The disability rights campaigner became the first out transgender Labour candidate to run for a Westminster seat when contesting this year’s general election. Last year, she responded to an article by Sun journalist Rod Liddle and won an IPSO ruling against the newspaper.
61. Elly Barnes
Founder and CEO, Educate & Celebrate
Since topping the then Pink List in 2011, Barnes has continued to dedicate herself to transforming schools through her Ofsted-recognised teacher training and resource programme that aims to successfully eradicate homophobia, biphobia and transphobia from schools.
62. Monty Moncrieff
CEO, London Friend
London Friend supports the health and mental wellbeing of the LGBT community in and around the capital. Under Moncrieff’s leadership, the charity is taking a lead on raising awareness about substance misuse in the LGBT community, particularly in relation to chemsex.
63. Joe Holliday
Holliday’s autobiography She’s a Boy was published this year, detailing his experience of being born with a rare birth defect. He was raised as a girl, but identifies as male, now campaigning to end the use of cosmetic surgery on children born with indeterminate gender.
64. Suki Sandhu
Founder and CEO, OUTstanding
The entrepreneur runs OUTstanding, the professional network for LGBT senior executives and their allies, to improve diversity within the boardroom and create more visible role models to inspire the next generation of leaders. He is also a Stonewall ambassador.
65. Bryan Kirkwood
Executive Producer, Hollyoaks
Kirkwood uses his senior position at Hollyoaks to raise awareness of difficult issues that have included male sexual assault and the reality of living as a gay man with HIV. Hollyoaks won the Broadcast of the Decade prize at the Stonewall Awards earlier this month.
66. Diriye Osman
The Somali-British short-story writer, essayist, critic and visual artist frequently explores sexuality and mental health in his work. His debut, Fairytales for Lost Children, won the 2014 Polari First Book Prize for a book that explores the LGBT experience.
67. Aderonke Apata
The activist, a lesbian who fled persecution in her native Nigeria, now campaigns for LGBT asylum seekers to stay in the UK. She recently handed in a petition urging the Nigerian president to repeal the country’s anti-LGBT laws. Her own legal case to remain in the UK is ongoing.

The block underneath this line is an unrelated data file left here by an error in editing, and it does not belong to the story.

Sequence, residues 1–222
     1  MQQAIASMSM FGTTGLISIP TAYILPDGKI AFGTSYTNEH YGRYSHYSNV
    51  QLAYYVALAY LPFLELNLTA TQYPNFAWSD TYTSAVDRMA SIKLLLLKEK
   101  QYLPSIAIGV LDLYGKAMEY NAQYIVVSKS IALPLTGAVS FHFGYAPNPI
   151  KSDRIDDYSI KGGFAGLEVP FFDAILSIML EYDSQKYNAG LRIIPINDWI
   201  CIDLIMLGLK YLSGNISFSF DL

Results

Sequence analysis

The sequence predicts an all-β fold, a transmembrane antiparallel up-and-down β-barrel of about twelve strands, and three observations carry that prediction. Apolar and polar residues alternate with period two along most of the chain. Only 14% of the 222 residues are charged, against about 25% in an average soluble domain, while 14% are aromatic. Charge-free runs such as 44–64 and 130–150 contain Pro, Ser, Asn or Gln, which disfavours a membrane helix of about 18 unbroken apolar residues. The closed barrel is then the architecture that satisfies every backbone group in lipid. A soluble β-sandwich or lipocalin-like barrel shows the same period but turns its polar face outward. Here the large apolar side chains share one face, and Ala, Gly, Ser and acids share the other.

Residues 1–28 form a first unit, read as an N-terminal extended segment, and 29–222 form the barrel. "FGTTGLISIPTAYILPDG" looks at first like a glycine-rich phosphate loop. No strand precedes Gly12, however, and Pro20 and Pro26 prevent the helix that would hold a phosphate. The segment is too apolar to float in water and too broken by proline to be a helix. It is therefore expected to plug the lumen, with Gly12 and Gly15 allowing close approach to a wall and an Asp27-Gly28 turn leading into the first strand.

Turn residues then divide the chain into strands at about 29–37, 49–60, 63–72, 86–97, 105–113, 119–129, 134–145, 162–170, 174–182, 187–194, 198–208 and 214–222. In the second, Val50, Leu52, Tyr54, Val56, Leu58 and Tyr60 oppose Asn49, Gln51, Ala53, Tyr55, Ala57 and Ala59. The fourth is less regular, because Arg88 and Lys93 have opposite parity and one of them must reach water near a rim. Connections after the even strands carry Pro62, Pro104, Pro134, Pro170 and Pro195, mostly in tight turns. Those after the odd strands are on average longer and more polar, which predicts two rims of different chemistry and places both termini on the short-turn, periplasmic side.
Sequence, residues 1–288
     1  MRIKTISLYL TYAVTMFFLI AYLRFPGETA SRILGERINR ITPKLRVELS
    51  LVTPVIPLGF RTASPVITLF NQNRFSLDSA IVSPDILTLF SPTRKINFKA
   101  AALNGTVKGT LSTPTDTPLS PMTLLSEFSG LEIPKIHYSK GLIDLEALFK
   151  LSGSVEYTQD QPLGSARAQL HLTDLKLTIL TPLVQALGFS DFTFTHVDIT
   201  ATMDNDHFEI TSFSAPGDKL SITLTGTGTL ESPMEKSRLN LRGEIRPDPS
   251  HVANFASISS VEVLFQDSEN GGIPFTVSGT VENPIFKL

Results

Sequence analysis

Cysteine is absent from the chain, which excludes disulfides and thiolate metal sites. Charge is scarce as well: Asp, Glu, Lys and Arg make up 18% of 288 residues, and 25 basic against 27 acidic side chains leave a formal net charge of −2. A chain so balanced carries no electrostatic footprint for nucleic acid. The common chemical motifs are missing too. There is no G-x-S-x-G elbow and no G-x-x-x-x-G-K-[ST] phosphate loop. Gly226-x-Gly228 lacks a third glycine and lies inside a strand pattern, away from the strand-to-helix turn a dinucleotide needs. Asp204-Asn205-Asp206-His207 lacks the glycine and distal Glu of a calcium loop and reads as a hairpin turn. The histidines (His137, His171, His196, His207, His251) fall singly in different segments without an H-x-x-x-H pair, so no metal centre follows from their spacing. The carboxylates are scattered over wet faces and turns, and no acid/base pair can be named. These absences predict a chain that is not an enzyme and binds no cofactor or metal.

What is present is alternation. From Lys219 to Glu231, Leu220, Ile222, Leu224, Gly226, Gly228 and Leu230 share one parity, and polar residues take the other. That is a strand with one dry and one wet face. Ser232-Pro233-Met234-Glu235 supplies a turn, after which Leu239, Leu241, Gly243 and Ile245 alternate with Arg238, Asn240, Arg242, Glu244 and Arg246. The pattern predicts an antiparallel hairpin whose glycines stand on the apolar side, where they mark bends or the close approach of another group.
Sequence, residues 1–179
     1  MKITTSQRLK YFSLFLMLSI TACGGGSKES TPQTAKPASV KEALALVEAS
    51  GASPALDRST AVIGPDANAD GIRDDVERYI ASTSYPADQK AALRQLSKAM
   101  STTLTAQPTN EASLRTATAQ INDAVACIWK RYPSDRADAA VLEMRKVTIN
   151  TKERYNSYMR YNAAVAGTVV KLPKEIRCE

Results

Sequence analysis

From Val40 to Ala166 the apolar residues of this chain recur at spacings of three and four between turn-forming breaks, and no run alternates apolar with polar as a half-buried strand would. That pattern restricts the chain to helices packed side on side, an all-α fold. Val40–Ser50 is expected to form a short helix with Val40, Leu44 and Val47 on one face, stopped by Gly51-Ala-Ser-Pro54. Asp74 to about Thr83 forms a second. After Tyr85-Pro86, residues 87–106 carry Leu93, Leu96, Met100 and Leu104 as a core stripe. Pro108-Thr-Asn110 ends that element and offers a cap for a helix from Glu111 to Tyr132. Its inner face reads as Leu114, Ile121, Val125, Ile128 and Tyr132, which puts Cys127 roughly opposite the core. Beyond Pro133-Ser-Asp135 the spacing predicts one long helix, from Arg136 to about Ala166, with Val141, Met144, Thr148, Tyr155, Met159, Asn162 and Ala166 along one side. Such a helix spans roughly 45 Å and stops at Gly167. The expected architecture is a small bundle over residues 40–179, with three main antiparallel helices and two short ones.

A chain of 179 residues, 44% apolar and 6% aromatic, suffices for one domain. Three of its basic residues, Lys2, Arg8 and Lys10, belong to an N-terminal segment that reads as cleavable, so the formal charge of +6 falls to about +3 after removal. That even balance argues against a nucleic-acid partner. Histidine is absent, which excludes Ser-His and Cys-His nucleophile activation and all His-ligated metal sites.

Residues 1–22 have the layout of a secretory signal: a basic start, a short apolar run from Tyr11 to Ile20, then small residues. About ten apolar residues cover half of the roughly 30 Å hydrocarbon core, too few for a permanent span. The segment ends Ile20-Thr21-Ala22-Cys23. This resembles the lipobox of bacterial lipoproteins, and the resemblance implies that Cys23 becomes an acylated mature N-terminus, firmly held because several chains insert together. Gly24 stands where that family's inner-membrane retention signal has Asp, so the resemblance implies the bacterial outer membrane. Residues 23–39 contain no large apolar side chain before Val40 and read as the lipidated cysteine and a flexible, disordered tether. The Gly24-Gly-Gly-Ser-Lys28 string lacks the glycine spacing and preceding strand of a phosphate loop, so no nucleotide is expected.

68. Ayla Holdom
Search and rescue pilot
The decorated RAF officer is Britain’s first out transgender military pilot and used the publicity after a red-top paper outed her to highlight trans issues. Holdom is the trans rep in the RAF Freedom Network, has worked with All About Trans and is on Stonewall’s trans advisory group.
69. Moud Goba
LGBTI refugees mentor
A Zimbabwean refugee living in the UK, Goba has more than 15 years’ experience working with LGBTI communities. She supports other LGBTI refugees as a mentor at the not-for-profit organisation Micro Rainbow International. She won an Attitude Pride award earlier this year.
70. Laurie Penny
Journalist and author
Laurie Penny chose this year’s National Coming Out Day to come out as genderqueer. She tweeted: “Hi. I’m pansexual, polyamorous and a genderqueer woman.” The committed feminist is a 2015 Fellow at Harvard’s Berkman Center for Internet and Society.
71. James Dawson
The best-selling young-adult author, who came out as transgender earlier this year, has been hailed as a leading role model through his work, which includes This Book Is Gay and Spot the Difference – shortly to be placed in every primary and secondary school in the UK.
72. Daniel Winterfeldt
Head of International capital markets, CMS
As well as being head of international capital markets at CMS, a business-focused law firm, Winterfeldt is its diversity and inclusion partner. He is the founder of the InterLaw Diversity Forum, a network for LBGT people working in the legal sector, and a patron of the Albert Kennedy Trust.
73. Juliet Jacques
Jacques’ Guardian column chronicling her transition was longlisted for an Orwell Prize. This year, Jacques released her well received memoir, Trans, described as “a story of growing up, of defining yourself, and of the rapidly changing world of gender politics”.
74. James Morton
Manager, Scottish Transgender Alliance